Corrects ounces to metric tons in paragraph 13
Gold has benefited from a spate of supportive factors over the past few months, and some bulls now see the precious metal making a climb to a record high of $2,000 an ounce.
It will need more fuel to make that move, however, and the timeline for that rally remains uncertain.
“There has been a strong undercurrent of demand for gold,” said Brien Lundin, editor of Gold Newsletter. “Even as short term factors like the China trade dispute may come and go, longer-term investors are confident that the issues of monetary debasement and other geopolitical factors will continue to impact the market.”
December gold futures
rose $3.40, or 0.2%, to settle at $1,531.20 an ounce on Thursday to tally the highest most-active contract settlement since April 2013, according to FactSet data. The record settlement high for futures prices was at roughly $1,891.90 on Aug. 22, 2011, though prices did touch intraday highs near $1,918 around that time.
Concerns over a possible recession, sparked by the recent inversion of the yield curve for the 2-year and 10-year Treasury yields, some weak global economic data, and the U.S. Federal Reserve’s first interest-rate cut since 2008, have dressed up gold’s appeal as a haven.
But Stan Bharti, chief executive officer of private merchant bank Forbes & Manhattan, doesn’t believe that gold is moving up because of short-term market fears. It’s a move that’s been a long time coming.
After the 2003-2004 period, “hard assets were in demand as the ‘smart money’ was looking away from stocks and into gold to protect themselves,” said Bharti. Then in the “last 8-10 years we’ve seen a bull market in stocks and lived in a low-interest-rate environment. That is dangerous for inflation.”
Given that backdrop, he expects gold prices to top $2,000 by the end of next year. That would be a record for Comex futures. More near term, Bharti sees gold jumping from $1,480 to $1,600 in the next quarter.
Gold climbing to $1,800 or even $2,000 an ounce is ‘a near certainty, given enough time.’
Lundin also agreed that higher prices are in the cards for gold. The metal at $1,800 or even $2,000 an ounce is “a near certainty, given enough time,” he said.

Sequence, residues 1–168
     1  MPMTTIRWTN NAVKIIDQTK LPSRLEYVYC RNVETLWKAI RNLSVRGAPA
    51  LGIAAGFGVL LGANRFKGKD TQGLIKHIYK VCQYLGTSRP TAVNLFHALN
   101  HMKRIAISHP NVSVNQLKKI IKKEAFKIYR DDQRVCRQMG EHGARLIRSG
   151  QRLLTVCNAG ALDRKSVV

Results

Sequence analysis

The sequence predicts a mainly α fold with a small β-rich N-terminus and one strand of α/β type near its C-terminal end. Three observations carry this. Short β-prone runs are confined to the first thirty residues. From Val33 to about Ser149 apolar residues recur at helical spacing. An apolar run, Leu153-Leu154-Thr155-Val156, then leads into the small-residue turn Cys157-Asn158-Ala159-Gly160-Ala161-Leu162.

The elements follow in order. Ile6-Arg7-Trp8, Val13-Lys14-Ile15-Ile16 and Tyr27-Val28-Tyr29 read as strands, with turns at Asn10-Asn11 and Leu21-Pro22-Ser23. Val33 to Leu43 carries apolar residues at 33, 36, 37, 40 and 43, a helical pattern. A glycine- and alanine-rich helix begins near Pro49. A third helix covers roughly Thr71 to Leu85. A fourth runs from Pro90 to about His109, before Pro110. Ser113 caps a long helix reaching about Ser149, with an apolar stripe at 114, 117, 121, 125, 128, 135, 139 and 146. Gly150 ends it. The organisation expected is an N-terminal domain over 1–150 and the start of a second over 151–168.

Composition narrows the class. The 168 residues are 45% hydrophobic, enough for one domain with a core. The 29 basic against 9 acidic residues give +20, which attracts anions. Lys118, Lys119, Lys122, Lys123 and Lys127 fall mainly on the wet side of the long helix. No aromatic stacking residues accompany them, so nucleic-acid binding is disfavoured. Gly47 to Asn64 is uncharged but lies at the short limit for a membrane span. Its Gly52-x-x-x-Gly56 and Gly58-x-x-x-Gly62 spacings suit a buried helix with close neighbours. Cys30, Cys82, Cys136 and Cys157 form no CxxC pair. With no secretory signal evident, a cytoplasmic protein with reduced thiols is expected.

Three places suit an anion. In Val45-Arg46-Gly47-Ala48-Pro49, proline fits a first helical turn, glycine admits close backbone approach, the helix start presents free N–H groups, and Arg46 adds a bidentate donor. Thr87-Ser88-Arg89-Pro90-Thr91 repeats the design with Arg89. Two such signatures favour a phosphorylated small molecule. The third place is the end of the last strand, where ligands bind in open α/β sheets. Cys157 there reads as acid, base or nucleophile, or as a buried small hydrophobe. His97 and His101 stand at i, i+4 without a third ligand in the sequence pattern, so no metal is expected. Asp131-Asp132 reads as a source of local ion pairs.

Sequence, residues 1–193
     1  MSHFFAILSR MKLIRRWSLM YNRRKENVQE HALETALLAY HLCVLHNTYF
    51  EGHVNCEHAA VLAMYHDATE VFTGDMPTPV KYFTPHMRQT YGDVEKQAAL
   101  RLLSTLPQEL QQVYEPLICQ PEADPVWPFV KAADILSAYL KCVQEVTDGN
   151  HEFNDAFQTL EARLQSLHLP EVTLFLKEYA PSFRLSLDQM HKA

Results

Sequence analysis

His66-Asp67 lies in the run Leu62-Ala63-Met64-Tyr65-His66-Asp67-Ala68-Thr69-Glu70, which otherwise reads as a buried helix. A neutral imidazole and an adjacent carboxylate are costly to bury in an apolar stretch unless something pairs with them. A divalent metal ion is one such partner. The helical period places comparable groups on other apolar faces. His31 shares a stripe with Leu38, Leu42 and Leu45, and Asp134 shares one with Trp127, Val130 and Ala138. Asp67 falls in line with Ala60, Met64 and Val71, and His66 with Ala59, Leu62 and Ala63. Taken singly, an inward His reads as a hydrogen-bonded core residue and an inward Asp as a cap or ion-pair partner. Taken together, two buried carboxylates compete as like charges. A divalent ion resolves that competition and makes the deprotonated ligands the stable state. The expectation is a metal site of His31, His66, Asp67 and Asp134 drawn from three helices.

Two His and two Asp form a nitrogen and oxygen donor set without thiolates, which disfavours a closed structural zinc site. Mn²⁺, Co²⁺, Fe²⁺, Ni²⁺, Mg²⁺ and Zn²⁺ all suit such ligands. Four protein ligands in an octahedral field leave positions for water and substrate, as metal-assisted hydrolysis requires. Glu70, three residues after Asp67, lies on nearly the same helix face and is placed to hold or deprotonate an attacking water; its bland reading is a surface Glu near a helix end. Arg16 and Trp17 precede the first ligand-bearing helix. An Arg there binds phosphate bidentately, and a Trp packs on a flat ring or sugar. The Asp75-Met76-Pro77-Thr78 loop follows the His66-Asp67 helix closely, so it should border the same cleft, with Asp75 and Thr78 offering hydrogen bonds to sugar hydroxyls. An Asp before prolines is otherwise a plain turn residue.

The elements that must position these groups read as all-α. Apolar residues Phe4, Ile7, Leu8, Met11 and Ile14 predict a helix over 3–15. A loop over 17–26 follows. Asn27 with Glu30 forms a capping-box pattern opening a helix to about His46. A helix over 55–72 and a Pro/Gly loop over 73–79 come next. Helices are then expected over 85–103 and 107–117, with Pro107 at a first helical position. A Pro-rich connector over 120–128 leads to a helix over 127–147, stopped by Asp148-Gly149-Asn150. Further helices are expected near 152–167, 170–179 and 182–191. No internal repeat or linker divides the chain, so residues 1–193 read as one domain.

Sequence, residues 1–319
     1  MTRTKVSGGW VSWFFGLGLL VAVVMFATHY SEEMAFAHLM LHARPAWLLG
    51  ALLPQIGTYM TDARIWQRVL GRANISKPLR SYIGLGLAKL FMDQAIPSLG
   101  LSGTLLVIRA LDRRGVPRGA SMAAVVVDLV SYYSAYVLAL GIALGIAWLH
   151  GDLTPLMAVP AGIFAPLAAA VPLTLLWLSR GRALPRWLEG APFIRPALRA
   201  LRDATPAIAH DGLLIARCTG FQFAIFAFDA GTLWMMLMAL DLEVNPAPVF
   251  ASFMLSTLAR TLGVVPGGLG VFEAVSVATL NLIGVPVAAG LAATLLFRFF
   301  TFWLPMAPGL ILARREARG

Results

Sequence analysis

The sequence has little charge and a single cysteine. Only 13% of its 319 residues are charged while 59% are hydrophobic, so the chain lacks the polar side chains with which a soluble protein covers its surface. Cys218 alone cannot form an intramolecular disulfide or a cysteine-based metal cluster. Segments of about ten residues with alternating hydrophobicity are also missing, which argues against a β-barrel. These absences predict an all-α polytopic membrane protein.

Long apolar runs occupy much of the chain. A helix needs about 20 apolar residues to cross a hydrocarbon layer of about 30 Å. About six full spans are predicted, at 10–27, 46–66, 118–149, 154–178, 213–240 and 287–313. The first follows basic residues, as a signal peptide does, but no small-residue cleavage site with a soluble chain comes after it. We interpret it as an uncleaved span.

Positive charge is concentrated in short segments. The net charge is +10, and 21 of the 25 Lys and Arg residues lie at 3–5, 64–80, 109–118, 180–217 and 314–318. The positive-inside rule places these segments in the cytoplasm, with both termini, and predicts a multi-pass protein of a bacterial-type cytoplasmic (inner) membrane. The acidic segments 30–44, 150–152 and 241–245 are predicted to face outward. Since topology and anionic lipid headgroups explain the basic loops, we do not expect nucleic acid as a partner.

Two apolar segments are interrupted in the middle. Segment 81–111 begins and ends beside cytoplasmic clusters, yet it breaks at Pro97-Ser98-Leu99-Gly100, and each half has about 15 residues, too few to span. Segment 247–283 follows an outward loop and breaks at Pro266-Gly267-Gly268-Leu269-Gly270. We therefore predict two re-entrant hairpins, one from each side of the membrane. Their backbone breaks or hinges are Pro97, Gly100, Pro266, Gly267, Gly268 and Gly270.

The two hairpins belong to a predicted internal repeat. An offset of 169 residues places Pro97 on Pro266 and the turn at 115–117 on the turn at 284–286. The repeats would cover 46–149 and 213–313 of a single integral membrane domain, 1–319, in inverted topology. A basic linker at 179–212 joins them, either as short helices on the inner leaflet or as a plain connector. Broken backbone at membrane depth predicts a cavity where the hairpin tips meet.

That rise will accelerate with any indications that the [Fed] will return to [quantitative easing],” he added. QE, or large-scale asset purchases by the central bank to help stimulate the economy and add liquidity to capital markets, would be supportive for gold. The move would likely pressure the dollar and could lead to inflation, though central banks are struggling with stubbornly low inflation despite past rounds of QE. Gold is often seen as a hedge against inflation.
To see such a big move higher for gold, however, the market may also need to see “the devaluation of the dollar in response to the devaluation of the Chinese yuan,”
said Deric Scott, vice president and senior analyst at precious-metals retailer Metals.com.
Other factors that could significantly boost the metal’s price would be “heightened geopolitical risks related to current events such as conflict in Iran, Hong Kong or some other unforeseen, but unsurprising, actions taken by a given nation,” he said. Regardless, a climb to $1,800 or $2,000 for gold “will likely inevitably happen, although the timeline remains to be seen.”
Meanwhile, a report from Reuters this week that China has restricted its imports of gold since May has had little, if any, impact on gold prices. The report said China may be trying to curb outflows of U.S. dollars and help strengthen its yuan currency as its economy slows.
China, the largest importer of gold, cut shipments of the metal by some 300 metric tons to 500 metric tons compared with last year, the report said, citing sources with direct knowledge of the matter. Last year, the country imported around 1,500 metric tons of gold, the report said.
“If true, this would be a significant concern for the gold market,” said Lundin. “If this is a strictly enforced ban that lasts for some time, I can’t see how it won’t have a big effect on global flows.”
Even so, “the good news is that investor demand has soared for gold world-wide, so this development seems more likely to slow gold’s ascent rather than halt it,” Lundin said.
Still, Scott believes the reported move by China may prompt gold to test a lower level between $1,463 and $1,485—and that “would been seen [as] a huge opportunity to buy.”